MISSOULA — This week marks the three year anniversary of Jermain Charlo's disappearance.
The 23-year-old mother from Dixon Agency has become a well-known face in the Missing and Murdered Indigenous Persons (MMIP) crisis in Montana -- and now worldwide.
MTN News first reported the disappearance of Jermain in the summer of 2018. Three years later, her case has not seen any closure.
Here’s a breakdown of some of the key dates from her disappearance:
- June 15, 2018: Jermain was seen at the Badlander bar in downtown Missoula. Just after midnight, a Missoula Housing Authority camera recorded her walking out of the alley behind the Badlander bar. This is the last known visual of Jermain alive.
- The following day, June 16, Jermain’s reported last location was the Orange Street Food Farm where she was allegedly dropped off. Multiple searches were held in the area.
However, in the podcast "Stolen: The Search for Jermain Charlo", Missoula Police Detective Guy Baker told podcast producer Connie Walker that Jermain was actually dropped off near the intersection of Prince and South Fifth Street West -- eight blocks away from the Orange Street Food Farm.
During a protest in March of 2021, MTN News viewed a 2018 search warrant which showed Jermain’s cell phone was active near Evaro until 10 a.m. the day of her disappearance, June 16.
MTN News sat down with Detective Baker for his reflection on the past three years of Jermain's case, which remains an active investigation. "So it's not a closed case, it's not a cold case. It’s still very active,” Baker told MTN News.
He's is the second detective to be in charge of the case; eleven days after Jermain was last seen on an unreleased Missoula Housing Authority video, Baker was reassigned to the case and now works to solve it.
Baker said he continues to stay in touch with Jermain’s family to keep them in the loop, but many caveats of his research are unreleased to protect the investigation’s integrity. He stands by his work for Jermain, who he says is the only Native American woman being worked as missing in Missoula.
“I think you always look to the past to see if you can do better. You know you try to do the best job you can under the circumstances, but, you know, looking back some things could have been done a little differently that I think would have been beneficial, but nothing was done wrong -- or was detrimental I should say -- to the investigation,” Baker explained.
Media undoubtedly plays a role here. Gimlet Media, a division of Spotify, released a podcast documenting Jermain's case this year. Baker is prominently featured in the reporting.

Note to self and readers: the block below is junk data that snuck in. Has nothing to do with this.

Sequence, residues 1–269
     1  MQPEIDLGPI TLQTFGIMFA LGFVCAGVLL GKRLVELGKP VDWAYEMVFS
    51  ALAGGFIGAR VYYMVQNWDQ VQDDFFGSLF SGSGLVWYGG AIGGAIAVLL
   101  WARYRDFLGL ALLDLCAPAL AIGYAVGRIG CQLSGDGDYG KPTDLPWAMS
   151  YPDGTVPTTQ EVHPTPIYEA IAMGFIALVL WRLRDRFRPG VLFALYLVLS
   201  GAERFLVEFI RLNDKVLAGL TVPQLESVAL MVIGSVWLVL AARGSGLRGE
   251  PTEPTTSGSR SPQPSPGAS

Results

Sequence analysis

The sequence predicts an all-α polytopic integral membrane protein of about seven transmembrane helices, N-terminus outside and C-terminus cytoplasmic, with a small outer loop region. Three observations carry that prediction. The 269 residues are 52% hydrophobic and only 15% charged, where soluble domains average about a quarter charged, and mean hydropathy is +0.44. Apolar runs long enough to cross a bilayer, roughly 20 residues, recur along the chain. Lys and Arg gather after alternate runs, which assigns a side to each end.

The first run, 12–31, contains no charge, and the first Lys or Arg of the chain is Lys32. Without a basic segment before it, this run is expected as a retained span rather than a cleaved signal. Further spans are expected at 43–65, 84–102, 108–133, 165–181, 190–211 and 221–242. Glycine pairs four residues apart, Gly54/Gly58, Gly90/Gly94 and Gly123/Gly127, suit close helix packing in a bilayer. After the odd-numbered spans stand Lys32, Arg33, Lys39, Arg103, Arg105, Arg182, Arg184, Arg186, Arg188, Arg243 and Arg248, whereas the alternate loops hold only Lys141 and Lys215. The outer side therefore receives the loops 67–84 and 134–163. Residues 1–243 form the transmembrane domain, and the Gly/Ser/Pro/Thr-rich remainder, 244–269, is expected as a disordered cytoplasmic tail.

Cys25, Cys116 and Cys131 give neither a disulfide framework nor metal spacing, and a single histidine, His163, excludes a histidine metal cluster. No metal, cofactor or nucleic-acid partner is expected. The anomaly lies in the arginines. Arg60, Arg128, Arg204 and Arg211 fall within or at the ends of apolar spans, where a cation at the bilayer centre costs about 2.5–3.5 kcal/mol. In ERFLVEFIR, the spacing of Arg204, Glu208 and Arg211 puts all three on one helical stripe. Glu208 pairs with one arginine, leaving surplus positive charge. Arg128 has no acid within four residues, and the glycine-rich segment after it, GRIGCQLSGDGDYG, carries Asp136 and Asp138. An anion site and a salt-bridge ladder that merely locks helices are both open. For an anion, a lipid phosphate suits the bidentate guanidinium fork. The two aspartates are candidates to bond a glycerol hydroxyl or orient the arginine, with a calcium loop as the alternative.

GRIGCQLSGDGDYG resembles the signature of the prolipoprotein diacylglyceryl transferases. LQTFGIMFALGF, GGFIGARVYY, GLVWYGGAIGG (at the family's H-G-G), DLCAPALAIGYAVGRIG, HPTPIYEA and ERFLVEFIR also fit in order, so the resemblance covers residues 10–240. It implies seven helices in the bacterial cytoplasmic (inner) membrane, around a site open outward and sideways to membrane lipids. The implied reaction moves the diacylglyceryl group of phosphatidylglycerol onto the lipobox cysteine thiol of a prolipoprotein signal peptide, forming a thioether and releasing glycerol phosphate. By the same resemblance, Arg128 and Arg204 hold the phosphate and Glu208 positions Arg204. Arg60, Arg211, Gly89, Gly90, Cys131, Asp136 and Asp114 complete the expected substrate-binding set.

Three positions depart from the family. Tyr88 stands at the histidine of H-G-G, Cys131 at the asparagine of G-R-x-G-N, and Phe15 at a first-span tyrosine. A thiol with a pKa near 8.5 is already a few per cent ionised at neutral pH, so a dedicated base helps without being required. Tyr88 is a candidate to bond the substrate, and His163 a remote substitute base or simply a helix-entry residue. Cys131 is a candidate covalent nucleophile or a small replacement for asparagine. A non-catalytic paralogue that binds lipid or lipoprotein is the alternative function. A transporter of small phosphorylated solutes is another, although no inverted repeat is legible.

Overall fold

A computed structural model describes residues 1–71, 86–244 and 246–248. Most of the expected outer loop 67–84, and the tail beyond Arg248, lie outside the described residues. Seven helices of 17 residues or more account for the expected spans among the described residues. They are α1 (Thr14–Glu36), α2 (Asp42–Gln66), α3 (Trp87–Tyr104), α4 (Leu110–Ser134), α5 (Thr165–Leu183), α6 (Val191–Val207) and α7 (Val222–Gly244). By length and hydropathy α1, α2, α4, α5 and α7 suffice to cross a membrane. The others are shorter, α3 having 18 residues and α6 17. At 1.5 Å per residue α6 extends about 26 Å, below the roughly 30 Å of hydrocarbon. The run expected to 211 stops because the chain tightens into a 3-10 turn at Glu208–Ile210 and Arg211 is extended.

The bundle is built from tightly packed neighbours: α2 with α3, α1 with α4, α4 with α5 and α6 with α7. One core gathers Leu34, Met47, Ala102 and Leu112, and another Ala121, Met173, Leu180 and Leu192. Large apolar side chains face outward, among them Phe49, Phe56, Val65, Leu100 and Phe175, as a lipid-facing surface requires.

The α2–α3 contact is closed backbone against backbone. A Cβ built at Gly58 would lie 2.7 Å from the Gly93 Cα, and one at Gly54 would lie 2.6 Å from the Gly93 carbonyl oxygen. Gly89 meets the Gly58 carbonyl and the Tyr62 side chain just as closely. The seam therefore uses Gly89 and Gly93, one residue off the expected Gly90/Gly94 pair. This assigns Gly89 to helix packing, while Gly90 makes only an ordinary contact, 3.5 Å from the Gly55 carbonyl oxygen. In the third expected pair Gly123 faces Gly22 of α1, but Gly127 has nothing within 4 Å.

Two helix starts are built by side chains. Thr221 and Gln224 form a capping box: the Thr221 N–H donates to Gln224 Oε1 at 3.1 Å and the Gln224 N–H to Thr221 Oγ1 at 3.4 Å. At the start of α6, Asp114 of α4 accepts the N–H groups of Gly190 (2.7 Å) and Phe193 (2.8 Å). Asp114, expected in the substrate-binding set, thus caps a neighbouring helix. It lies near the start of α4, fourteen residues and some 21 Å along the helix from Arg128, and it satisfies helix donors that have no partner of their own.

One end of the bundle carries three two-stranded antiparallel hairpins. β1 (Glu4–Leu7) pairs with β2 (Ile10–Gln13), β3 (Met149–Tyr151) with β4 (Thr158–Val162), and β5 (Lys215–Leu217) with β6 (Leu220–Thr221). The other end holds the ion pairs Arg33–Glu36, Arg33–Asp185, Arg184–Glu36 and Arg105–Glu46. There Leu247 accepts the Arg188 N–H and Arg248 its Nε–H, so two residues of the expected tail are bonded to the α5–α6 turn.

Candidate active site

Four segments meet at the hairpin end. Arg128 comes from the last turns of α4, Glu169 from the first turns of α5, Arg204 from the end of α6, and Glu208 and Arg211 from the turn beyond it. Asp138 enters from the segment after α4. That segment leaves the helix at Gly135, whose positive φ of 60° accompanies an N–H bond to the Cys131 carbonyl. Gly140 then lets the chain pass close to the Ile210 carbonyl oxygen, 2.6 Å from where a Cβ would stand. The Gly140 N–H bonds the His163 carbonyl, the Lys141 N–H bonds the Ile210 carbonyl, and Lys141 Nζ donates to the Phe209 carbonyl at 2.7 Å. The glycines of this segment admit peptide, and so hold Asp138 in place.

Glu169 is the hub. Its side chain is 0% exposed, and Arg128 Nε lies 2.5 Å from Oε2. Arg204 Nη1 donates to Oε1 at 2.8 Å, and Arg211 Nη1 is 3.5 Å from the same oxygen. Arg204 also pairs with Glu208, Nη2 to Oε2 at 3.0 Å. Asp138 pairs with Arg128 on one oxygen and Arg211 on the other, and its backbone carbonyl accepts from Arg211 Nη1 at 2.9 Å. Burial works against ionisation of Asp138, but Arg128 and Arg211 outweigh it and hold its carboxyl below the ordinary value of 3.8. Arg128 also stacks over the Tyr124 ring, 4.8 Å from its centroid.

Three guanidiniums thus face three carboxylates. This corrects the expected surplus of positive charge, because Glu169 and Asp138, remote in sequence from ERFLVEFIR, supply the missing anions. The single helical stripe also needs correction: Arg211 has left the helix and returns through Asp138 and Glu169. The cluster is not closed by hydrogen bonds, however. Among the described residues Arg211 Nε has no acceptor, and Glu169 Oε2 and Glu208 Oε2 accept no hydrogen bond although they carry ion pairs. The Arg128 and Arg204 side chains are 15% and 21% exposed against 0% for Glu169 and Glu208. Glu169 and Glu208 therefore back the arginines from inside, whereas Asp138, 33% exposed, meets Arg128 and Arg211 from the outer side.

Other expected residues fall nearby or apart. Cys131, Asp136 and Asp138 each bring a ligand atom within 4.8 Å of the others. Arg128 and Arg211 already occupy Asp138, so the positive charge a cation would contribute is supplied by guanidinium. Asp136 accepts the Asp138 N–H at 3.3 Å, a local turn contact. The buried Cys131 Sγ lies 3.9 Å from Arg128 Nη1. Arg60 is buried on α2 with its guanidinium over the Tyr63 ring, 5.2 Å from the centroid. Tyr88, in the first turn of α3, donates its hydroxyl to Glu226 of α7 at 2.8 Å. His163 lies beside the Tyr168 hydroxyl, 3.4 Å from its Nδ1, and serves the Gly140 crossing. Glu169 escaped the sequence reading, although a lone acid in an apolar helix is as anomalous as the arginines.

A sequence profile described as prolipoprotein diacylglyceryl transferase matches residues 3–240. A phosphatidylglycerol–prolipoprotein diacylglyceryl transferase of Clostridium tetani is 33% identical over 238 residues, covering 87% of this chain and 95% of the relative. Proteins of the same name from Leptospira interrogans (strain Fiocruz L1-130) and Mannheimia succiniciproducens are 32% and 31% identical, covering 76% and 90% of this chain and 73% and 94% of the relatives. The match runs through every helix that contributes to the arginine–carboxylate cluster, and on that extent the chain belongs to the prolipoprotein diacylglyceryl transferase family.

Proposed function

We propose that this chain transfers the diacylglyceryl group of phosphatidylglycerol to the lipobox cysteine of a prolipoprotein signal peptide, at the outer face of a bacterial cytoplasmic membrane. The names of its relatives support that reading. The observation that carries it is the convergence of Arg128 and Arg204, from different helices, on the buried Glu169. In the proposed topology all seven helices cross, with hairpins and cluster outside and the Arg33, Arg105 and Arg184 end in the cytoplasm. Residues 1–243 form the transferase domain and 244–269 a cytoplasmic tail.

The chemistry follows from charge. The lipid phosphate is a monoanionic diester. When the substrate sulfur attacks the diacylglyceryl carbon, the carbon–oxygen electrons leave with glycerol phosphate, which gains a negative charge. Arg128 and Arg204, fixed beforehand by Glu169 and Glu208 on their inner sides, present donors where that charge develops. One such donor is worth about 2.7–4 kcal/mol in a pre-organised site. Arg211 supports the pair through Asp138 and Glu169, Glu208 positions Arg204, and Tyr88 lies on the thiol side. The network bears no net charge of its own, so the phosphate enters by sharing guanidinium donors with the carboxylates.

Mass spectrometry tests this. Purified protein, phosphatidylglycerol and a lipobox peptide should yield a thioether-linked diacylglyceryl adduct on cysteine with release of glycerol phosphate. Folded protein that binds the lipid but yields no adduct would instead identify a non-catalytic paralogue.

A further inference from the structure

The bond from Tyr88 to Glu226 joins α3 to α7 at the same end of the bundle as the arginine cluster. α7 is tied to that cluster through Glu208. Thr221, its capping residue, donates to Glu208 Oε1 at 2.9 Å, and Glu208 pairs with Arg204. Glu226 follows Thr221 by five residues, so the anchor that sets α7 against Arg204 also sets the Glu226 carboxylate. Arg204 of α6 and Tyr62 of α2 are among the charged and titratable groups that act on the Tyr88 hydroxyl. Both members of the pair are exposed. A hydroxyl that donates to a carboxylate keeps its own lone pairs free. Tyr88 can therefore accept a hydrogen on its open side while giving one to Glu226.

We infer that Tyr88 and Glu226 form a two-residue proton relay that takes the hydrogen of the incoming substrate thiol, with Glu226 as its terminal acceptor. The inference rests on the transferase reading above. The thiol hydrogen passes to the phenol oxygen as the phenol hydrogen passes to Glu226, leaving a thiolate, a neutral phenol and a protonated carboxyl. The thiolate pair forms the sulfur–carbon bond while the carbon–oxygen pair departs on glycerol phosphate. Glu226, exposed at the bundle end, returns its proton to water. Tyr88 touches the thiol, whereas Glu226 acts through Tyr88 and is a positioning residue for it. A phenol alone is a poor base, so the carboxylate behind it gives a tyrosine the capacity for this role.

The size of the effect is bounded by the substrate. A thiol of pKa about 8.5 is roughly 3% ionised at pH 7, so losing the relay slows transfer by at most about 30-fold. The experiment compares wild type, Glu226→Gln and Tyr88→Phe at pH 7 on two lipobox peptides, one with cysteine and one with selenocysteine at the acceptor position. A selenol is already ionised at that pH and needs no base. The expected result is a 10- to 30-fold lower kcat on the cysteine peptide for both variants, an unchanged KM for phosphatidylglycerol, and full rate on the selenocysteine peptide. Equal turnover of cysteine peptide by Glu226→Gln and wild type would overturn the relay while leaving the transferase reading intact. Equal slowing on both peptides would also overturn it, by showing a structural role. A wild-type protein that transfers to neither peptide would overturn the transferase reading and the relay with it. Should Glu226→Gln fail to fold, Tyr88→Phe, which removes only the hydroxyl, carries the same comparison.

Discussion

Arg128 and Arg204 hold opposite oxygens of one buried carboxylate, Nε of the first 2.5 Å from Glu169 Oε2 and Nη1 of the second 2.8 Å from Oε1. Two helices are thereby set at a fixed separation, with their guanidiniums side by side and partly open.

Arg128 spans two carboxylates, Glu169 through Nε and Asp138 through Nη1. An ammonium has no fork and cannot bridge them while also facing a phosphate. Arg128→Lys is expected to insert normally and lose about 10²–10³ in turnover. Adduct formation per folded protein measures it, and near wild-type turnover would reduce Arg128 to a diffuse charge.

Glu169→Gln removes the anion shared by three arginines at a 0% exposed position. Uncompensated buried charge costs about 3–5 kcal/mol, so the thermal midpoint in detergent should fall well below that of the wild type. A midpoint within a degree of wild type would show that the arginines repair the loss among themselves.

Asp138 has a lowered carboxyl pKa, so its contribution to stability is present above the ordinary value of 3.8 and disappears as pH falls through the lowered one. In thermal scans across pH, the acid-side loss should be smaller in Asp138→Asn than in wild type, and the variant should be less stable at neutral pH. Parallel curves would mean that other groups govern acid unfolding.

“An issue that comes up between the public and law enforcement is perception. And what everyone's perception is to them is reality, when in fact, it may not be actual reality. So, the podcast was not entirely accurate. So, people have listened to that, and they have drawn some conclusions that might not be entirely correct,” Baker said.
Baker said sometimes the police are not in a position to correct the record as that could jeopardize an investigation, and would not clarify what those facts were.
Last year, journalist Connie Walker was on the ground in Missoula doing her own investigation. “There's never been a request for the Missoula Police Department or Guy Baker to correct anything in our podcast,” Walker said.
Walker, an Indigenous Cree woman from Canada, documented the case in the eight-episode “Stolen: The Search for Jermain.” She studied Jermain’s past and spoke with family, friends, and Detective Baker.
“I've actually been hearing from so many people in and around Missoula, who knew of Jermain -- or knew people in the podcast," Walked said. "And I'm continuing to have those conversations. I am really hoping to do more reporting on Jermain’s case as soon as we can."
Since the podcast's final episode release, it has reached an international level, resonating with Indigenous communities primarily but also those unaware of the MMIP issue.
“This crisis of violence that so many Indigenous women and girls face, and men and boys in Canada and in the United States,” Walker explained.
To Walker, her work isn’t just a job. Her own Indigenous community also experiences a height of violence.
“Getting to learn about Jermain’s life through her family and friends, has been such a privilege and an honor, and I treat it as a responsibility,” Walker said.
Something echoed between Walker and Baker -- more information is out there.
“For all of the reporting that we've been able to do obviously it's great to raise awareness about Jermain’s case on a national level or international level, but I think that it's particularly important that people there in her community are also paying attention, and know the story of, Jermain’s story, and that her disappearance is still unsolved,” Walker said.
These sources want to make clear that Jermain Charlo is not just a face on a billboard. Anyone with information about the case should contact local law enforcement or Detective Baker at (406) 552-6284.
Since Jermain’s disappearance in 2018, a number of resources and guidelines have been generated to address the MMIP crisis.
Montana’s Missing Indigenous Persons Task Force was created in 2019 to help administer grant money and improve interagency collaboration and last October, Blackfeet Community College launched a website meant to streamline the process of reporting a missing person on the Blackfeet Nation. CSKT joined the portal last month.
Meanwhile, the Snowbird Fund became available in February to financially help Native American families search for their missing loved ones. And in April, CSKT completed the nation’s first Tribal Community Response Plan - a coordinated effort meant to serve as a guide in Indigenous communities when responding to a report of a missing person.